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Computational Modelling of the Coastal Protection Function of Salt Marshes with Flexible Vegetation Cover / THOMAS VEELEN
Swansea University Author: THOMAS VEELEN
PDF | E-Thesis – open access
Copyright: The author, Thomas J. van Veelen, 2020.Download (82.67MB)
DOI (Published version): 10.23889/SUthesis.59834
Salt marshes are intertidal coastal wetlands that are typically found in sheltered locations such as estuaries. They exhibit a diverse vegetation cover with ﬂexible grasses and rigid shrubs. This vegetation provides coastal protection by attenuat-ing currents and waves. Unlike traditional hard defen...
|Supervisor:||Karunarathna, Harshinie ; Reeve, Dominic E.|
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Salt marshes are intertidal coastal wetlands that are typically found in sheltered locations such as estuaries. They exhibit a diverse vegetation cover with ﬂexible grasses and rigid shrubs. This vegetation provides coastal protection by attenuat-ing currents and waves. Unlike traditional hard defences, they oﬀer co-beneﬁts by stabilising shorelines and enhancing natural habitats. However, it has remained unclear how salt marshes with a ﬂexible vegetation cover contribute to coastal protection under storms with surge and wave components.In this thesis, I have developed a new coupled current-wave-vegetation model which includes the eﬀect of vegetation ﬂexibility on wave attenuation. The wave-vegetation model builds on novel laboratory experiments using artiﬁcial vegeta-tion in the Swansea University Wave Flume, where wave damping, water velocity ﬁelds, and plant motion were measured simultaneously for the ﬁrst time. A new work factor is introduced to explicitly account for vegetation ﬂexibility in compu-tational models. Furthermore, a momentum sink term parameterisation is found to best resemble current-vegetation interactions. The advanced coupled model is successfully applied to simulate ﬂood risk in the Taf Estuary under six contrast-ing vegetation scenarios.My results highlight how the vegetation cover aﬀects the coastal protection pro-vided by salt marshes. All modelled vegetation species constrain ﬂood currents to the main estuary channel and damp incoming waves. Although ﬂexible grasses are 50% less eﬀective in wave damping than rigid shrubs in the Taf Estuary. The wave conditions, wind conditions and local topography further aﬀect the protec-tion provided. Additionally, rigid species can amplify orbital velocities above the canopy by inducing wave-averaged currents, but ﬂexible species do not.It is recommended that the biomechanical properties of vegetation, including the ﬂexibility, are included when modelling the coastal protection by salt marshes. My new computational modelling framework provides evidence to support the continuing uptake of salt marshes as sustainable coastal defences.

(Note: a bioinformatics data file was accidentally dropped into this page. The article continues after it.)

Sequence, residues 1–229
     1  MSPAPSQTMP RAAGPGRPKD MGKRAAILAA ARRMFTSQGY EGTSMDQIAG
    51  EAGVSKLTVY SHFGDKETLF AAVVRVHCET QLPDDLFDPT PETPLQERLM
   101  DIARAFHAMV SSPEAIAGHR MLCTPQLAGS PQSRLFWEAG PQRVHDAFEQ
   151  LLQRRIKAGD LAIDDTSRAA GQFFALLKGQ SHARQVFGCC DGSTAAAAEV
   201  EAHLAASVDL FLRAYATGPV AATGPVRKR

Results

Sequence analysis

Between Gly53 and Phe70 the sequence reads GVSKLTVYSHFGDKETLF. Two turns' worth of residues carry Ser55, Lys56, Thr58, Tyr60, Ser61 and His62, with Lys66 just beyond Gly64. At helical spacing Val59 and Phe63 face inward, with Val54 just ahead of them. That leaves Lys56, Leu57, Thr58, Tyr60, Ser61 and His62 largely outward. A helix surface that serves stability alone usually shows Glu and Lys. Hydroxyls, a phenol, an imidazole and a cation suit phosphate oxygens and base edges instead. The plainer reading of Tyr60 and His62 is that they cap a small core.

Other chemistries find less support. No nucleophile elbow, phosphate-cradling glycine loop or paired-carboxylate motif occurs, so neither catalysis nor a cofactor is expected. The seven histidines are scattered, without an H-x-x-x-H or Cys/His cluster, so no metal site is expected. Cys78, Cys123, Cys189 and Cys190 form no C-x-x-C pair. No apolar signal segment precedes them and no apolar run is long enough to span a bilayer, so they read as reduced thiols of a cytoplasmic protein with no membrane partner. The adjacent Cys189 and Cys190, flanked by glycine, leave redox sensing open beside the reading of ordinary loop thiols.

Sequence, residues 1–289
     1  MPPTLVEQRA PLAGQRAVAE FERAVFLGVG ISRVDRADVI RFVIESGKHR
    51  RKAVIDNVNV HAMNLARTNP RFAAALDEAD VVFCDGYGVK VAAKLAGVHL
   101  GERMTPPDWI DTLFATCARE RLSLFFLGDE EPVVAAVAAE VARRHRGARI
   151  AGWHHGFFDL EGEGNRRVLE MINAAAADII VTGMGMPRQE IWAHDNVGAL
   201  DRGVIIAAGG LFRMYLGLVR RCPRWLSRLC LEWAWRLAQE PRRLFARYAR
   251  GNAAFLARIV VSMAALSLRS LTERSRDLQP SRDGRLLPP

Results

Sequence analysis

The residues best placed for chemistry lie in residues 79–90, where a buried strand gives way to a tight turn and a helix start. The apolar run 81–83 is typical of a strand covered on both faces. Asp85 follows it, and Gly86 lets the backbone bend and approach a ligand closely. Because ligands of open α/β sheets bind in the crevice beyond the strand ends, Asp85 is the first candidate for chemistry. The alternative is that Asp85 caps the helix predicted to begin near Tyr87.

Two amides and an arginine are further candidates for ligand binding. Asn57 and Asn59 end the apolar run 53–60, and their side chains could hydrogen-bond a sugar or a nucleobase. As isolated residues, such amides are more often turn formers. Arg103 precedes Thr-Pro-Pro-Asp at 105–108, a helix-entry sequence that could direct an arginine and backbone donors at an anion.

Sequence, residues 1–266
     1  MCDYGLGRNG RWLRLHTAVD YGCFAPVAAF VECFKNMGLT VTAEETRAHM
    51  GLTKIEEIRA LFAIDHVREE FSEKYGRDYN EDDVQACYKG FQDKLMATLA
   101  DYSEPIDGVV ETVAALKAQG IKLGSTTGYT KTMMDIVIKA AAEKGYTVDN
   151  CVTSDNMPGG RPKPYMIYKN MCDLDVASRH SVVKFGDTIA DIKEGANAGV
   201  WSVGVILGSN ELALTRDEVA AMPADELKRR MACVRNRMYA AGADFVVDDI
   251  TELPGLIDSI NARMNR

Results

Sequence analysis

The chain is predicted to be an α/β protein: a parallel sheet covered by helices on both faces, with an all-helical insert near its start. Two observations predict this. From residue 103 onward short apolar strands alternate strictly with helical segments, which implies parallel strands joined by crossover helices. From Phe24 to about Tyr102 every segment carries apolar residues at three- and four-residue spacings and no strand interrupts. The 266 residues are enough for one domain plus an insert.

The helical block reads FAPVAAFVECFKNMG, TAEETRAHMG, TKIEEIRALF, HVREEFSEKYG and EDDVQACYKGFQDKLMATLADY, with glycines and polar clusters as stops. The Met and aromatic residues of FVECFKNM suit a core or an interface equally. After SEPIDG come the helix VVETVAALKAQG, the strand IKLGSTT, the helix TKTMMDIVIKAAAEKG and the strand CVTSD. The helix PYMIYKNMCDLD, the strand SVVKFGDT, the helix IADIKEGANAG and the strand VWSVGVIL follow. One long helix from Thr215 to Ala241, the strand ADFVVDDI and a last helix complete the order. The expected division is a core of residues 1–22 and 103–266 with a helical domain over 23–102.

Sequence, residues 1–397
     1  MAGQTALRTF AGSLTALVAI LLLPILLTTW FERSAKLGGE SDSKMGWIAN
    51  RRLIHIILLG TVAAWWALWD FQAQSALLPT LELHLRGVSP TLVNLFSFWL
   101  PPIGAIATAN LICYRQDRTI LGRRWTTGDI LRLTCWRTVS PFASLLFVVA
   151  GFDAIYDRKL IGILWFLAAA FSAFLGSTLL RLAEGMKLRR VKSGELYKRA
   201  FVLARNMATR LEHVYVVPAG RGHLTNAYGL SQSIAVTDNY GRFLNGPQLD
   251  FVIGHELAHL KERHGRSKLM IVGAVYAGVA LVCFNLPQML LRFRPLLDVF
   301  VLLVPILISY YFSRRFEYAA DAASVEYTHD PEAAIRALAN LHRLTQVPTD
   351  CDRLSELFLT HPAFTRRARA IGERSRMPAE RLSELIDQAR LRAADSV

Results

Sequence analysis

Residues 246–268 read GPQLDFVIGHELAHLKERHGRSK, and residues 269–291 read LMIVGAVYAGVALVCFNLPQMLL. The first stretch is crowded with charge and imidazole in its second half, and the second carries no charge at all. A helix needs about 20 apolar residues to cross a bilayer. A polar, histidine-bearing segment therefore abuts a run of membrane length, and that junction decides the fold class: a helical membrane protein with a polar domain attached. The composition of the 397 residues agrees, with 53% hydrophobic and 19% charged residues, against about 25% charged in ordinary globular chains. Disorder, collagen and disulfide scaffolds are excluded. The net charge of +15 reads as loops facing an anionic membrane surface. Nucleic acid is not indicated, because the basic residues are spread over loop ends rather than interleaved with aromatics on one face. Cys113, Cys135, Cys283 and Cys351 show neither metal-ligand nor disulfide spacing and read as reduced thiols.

ORCiD identifier: https://orcid.org/0000-0002-7061-8012
Salt Marshes, Computational Modelling, Coastal Vegetation, Flood Risk, Laboratory Experiments
Faculty of Science and Engineering